Raya price control enforcement period to be 30 days, instead of the usual 14, from April 21


PETALING JAYA: Demand for certain essential food items is expected to remain high despite a modest Hari Raya Aidifitri celebration this year, says Datuk Seri Alexander Nanta Linggi.

“Although the celebrations are expected to be moderate due to the Covid-19 standard operating procedures (SOP), demand is still there and is expected to rise before and during the festive period, ” said the Domestic Trade and Consumer Affairs Minister.

For the first time, Nanta said, a 30-day enforcement period is being enforced for price-controlled items compared with the usual 14 days at festive seasons in previous years.

“The price controlled food items will cover 12 categories from eggs to chicken, beef and seafood.

“The price control will be for 30 days and will come into force this April 21 to May 20, ” he said when announcing the fasting month ceiling price control list on Monday (April 19).

The items, he said, were chicken eggs, live chicken, standard chicken (cleaned with head, feet and offal) and super chicken (cleaned without head, feet and offal).

He added that mackerel (kembung), island mackerel (mambung), scad (selar) and mackerel tuna (tongkol) were the seafood items under price control.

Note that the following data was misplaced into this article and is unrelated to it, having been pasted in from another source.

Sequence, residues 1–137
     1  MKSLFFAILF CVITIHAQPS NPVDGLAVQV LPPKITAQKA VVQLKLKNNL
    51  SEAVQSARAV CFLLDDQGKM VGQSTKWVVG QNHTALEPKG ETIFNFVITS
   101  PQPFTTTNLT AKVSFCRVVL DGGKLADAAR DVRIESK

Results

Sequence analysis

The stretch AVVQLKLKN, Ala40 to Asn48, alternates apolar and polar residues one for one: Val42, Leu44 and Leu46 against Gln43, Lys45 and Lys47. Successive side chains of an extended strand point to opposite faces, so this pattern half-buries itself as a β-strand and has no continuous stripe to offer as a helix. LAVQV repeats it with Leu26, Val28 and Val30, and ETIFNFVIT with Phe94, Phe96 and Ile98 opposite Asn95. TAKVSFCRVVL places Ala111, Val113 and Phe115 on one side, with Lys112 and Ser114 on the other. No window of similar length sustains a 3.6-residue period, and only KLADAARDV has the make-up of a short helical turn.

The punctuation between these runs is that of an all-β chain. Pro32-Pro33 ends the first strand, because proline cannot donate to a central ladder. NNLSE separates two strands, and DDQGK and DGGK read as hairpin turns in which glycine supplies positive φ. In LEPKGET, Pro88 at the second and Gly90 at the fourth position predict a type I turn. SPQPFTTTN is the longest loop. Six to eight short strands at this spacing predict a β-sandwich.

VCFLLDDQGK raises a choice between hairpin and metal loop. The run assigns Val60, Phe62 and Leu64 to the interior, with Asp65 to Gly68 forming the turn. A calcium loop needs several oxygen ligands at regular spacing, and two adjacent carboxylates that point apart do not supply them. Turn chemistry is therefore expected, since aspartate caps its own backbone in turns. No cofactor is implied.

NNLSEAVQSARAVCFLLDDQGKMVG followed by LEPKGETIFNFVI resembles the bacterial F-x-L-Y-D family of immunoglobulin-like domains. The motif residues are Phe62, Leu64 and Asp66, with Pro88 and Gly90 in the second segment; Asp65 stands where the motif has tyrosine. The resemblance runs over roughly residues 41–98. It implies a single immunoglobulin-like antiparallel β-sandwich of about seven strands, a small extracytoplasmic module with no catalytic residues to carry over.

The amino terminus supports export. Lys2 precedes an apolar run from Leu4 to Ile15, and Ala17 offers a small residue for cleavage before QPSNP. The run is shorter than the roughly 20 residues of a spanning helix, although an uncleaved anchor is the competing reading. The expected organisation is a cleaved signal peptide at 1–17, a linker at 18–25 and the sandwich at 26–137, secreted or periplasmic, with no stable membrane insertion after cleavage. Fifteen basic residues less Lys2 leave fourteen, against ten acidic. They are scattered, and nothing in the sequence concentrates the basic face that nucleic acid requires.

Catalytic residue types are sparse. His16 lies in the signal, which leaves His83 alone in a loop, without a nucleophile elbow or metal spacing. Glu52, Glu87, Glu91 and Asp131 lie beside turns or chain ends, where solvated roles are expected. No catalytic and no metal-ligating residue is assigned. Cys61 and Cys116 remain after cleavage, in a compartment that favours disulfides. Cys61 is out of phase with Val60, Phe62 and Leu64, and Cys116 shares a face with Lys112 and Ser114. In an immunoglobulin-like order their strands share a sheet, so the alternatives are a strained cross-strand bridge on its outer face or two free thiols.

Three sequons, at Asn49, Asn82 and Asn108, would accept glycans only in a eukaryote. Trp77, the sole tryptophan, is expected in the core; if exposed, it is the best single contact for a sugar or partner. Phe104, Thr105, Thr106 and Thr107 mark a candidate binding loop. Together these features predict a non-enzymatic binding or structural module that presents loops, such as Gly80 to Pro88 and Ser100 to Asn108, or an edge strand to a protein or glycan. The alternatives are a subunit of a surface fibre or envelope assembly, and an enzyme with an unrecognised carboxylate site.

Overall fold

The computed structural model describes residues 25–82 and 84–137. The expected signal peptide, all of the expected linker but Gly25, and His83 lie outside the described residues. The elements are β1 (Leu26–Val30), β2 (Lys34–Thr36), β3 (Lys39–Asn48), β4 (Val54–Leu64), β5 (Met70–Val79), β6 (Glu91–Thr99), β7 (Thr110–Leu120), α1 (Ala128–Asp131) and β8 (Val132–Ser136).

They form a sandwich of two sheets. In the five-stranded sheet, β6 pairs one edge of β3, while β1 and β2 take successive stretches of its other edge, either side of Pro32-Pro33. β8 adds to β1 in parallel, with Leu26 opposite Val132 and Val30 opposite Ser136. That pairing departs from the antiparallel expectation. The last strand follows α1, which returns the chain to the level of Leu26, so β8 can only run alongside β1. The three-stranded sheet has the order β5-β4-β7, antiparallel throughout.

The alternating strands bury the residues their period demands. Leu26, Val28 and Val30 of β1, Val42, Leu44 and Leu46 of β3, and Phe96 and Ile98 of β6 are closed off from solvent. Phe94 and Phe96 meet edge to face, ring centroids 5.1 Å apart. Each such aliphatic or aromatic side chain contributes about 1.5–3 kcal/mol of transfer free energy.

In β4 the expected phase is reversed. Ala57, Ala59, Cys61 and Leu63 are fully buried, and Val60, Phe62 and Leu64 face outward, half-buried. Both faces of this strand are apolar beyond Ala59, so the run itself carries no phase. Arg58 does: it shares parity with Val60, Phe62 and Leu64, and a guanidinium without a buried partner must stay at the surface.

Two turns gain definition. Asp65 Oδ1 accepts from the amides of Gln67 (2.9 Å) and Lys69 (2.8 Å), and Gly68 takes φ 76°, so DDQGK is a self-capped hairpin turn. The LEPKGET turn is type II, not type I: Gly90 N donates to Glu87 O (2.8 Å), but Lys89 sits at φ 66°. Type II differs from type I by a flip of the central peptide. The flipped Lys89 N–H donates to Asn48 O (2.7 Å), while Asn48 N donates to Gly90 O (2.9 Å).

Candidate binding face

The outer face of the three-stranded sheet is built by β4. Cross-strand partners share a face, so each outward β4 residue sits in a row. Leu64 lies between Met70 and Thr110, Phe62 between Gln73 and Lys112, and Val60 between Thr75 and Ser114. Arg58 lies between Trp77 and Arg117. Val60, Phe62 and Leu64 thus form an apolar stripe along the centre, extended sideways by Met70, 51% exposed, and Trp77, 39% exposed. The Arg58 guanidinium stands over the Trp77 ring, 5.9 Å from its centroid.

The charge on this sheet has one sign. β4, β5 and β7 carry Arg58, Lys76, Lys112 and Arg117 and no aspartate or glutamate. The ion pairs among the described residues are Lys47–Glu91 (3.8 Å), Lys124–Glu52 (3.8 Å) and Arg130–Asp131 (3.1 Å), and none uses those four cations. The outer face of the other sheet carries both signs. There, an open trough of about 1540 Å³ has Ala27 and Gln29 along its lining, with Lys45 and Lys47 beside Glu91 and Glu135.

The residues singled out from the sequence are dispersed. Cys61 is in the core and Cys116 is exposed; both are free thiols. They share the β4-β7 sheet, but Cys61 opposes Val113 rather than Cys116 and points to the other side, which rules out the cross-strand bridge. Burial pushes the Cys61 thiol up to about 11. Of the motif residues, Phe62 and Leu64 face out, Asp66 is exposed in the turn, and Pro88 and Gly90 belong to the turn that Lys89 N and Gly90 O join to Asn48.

The price control for mackerel tuna, he said, does not include Pahang, Terengganu and Kelantan.

He said a maximum price was also fixed for local beef in Peninsular Malaysia and Sabah.

He added a maximum price was also fixed for imported buffalo meat for Peninsular Malaysia, Sabah and Labuan except Sarawak.

Nanta said the ministry will add more items to the price control list days in the run-up to Hari Raya.

“We are expecting to add at least 20 more items to the list.

“The ministry will announce the items soon, ” he said.

Nanta said the ministry decided to announce the list to address recent complaints of soaring chicken prices.

“I am aware of the complaints including those from wholesalers and sundry shop operators who said they were paying high prices for chicken supplied directly from farms.

“We looked into these complaints and found them to be factual," he said, noting that poultry farmers are paying more for imported livestock feed.

As such, he said a meeting was held recently with stakeholders to ensure that chicken prices would remain below RM8 per kg during the price control period.

Nanta warned that those guilty of hiking prices of controlled items would face a maximum fine of between RM10,000 and RM250,000 or three years’ jail.

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